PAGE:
Beautiful ways to get your rays
Roula Khalaf, Editor of the FT, selects her favourite stories in this weekly newsletter.
Guilloché, a traditional mechanical engraving technique often seen on watch dials, is increasingly appearing in jewellers’ collections, turning what could be a blank slate of gold into intricate, light-reflecting patterns.
Foundrae employs the motif in its gold heart medallions, which can be customised with symbols and letters; Lucy Delius uses fluting radiating out from a central marquise-cut diamond, as on the sunray pendant; Dior’s Rose des Vents line features engraving on the face of a sun.
Earlier this year, Chaumet launched a whole series inspired by guilloché, the Jeux de Liens Harmony Medallions, with its signature fine jewellery line reimagined into delicate “sunburst” beams of light.
Van Cleef & Arpels has employed the mechanical technique since the 1910s, to “spark an intense whirlwind of light that captivates the gaze”, says the maison’s CEO and president Nicolas Bos. The latest Alhambra collection, launching this month, includes a necklace, ring and bracelet featuring sunburst engraving within the line’s signature four-leaf clover. “With the use of the guilloché effect, the motif takes on a contemporary style, all the while paying tribute to the first long necklace ever created, which was in creased yellow gold,” adds Bos.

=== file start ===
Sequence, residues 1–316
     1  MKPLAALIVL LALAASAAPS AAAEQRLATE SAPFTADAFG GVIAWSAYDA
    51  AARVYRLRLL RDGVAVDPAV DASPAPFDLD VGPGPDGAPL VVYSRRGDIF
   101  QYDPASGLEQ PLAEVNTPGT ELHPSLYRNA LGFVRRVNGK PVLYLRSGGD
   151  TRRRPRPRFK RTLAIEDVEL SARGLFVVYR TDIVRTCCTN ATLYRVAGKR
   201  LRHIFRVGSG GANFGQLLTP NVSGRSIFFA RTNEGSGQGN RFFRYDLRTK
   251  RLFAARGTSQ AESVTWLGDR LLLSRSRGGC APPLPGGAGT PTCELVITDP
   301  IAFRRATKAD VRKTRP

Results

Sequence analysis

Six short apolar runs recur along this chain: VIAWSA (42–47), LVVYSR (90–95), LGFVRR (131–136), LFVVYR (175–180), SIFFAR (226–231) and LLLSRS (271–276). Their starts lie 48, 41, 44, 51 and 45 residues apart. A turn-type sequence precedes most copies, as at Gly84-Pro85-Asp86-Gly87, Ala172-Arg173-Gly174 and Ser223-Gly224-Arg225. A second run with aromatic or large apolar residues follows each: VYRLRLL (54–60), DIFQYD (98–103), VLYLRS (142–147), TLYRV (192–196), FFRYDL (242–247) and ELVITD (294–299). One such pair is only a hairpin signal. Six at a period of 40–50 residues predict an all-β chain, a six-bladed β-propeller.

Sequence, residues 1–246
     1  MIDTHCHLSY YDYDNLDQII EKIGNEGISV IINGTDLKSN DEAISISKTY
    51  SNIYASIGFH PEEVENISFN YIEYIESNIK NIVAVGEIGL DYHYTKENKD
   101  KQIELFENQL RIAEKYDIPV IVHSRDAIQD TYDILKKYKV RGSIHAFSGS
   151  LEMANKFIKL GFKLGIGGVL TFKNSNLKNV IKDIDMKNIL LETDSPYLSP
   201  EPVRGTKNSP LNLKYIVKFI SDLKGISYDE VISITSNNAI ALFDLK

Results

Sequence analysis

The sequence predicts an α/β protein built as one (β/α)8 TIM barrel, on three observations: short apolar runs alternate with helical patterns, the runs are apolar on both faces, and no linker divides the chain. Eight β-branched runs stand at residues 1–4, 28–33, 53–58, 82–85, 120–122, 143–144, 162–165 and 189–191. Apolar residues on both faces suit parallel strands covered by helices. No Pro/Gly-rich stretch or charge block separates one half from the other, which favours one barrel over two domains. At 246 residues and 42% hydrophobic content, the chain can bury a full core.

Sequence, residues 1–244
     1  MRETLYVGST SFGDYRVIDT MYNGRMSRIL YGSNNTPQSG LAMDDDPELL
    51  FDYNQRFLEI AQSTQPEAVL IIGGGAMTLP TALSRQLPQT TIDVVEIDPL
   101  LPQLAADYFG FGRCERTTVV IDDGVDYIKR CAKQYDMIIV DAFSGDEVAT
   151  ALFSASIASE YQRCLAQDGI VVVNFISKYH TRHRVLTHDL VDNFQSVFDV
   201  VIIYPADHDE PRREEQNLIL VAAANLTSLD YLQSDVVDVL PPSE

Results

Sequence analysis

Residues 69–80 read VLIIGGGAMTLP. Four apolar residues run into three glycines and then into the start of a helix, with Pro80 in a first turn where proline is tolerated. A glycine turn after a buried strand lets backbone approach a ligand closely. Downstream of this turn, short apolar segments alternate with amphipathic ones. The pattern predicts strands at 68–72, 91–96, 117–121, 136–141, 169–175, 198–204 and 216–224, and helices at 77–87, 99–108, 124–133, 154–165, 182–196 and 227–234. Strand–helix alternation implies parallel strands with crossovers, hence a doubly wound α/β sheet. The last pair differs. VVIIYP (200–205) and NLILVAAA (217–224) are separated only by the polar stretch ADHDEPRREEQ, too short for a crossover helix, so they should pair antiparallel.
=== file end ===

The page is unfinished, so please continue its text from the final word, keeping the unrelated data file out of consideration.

At Milan-based Buccellati, the effect is achieved with intricate hand-engraving. “The techniques we have adopted use manual burins: ancient goldsmithing tools composed of a particularly shaped tip,” says its creative director Andrea Buccellati. For its iconic cuff bracelets, the “rigato” engraving is composed of parallel lines, while the drop-shaped pendant earrings are radially carved. “Engraving is for us a way of decorating a jewel and making it even more beautiful.”